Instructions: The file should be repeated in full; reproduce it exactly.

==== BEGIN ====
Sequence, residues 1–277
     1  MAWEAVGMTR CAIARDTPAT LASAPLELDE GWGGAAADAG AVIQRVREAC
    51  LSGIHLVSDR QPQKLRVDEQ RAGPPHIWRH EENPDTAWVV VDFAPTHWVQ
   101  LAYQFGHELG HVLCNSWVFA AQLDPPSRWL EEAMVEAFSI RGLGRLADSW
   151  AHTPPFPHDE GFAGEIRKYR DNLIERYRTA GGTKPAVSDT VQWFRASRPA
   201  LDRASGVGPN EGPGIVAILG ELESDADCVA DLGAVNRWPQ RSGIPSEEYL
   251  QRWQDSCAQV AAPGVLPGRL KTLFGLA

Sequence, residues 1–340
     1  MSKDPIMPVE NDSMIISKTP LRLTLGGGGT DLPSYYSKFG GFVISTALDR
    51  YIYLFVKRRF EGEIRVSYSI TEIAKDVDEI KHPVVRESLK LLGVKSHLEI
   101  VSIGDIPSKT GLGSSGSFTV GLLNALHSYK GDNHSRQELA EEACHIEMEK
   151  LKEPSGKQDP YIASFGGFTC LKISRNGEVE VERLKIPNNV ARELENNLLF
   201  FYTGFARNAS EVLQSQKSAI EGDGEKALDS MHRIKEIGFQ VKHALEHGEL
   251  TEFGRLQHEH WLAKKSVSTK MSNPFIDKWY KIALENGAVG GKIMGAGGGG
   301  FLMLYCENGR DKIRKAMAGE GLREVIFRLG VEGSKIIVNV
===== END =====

Sequence, residues 1–277
     1  MAWEAVGMTR CAIARDTPAT LASAPLELDE GWGGAAADAG AVIQRVREAC
    51  LSGIHLVSDR QPQKLRVDEQ RAGPPHIWRH EENPDTAWVV VDFAPTHWVQ
   101  LAYQFGHELG HVLCNSWVFA AQLDPPSRWL EEAMVEAFSI RGLGRLADSW
   151  AHTPPFPHDE GFAGEIRKYR DNLIERYRTA GGTKPAVSDT VQWFRASRPA
   201  LDRASGVGPN EGPGIVAILG ELESDADCVA DLGAVNRWPQ RSGIPSEEYL
   251  QRWQDSCAQV AAPGVLPGRL KTLFGLA

Sequence, residues 1–340
     1  MSKDPIMPVE NDSMIISKTP LRLTLGGGGT DLPSYYSKFG GFVISTALDR
    51  YIYLFVKRRF EGEIRVSYSI TEIAKDVDEI KHPVVRESLK LLGVKSHLEI
   101  VSIGDIPSKT GLGSSGSFTV GLLNALHSYK GDNHSRQELA EEACHIEMEK
   151  LKEPSGKQDP YIASFGGFTC LKISRNGEVE VERLKIPNNV ARELENNLLF
   201  FYTGFARNAS EVLQSQKSAI EGDGEKALDS MHRIKEIGFQ VKHALEHGEL
   251  TEFGRLQHEH WLAKKSVSTK MSNPFIDKWY KIALENGAVG GKIMGAGGGG
   301  FLMLYCENGR DKIRKAMAGE GLREVIFRLG VEGSKIIVNV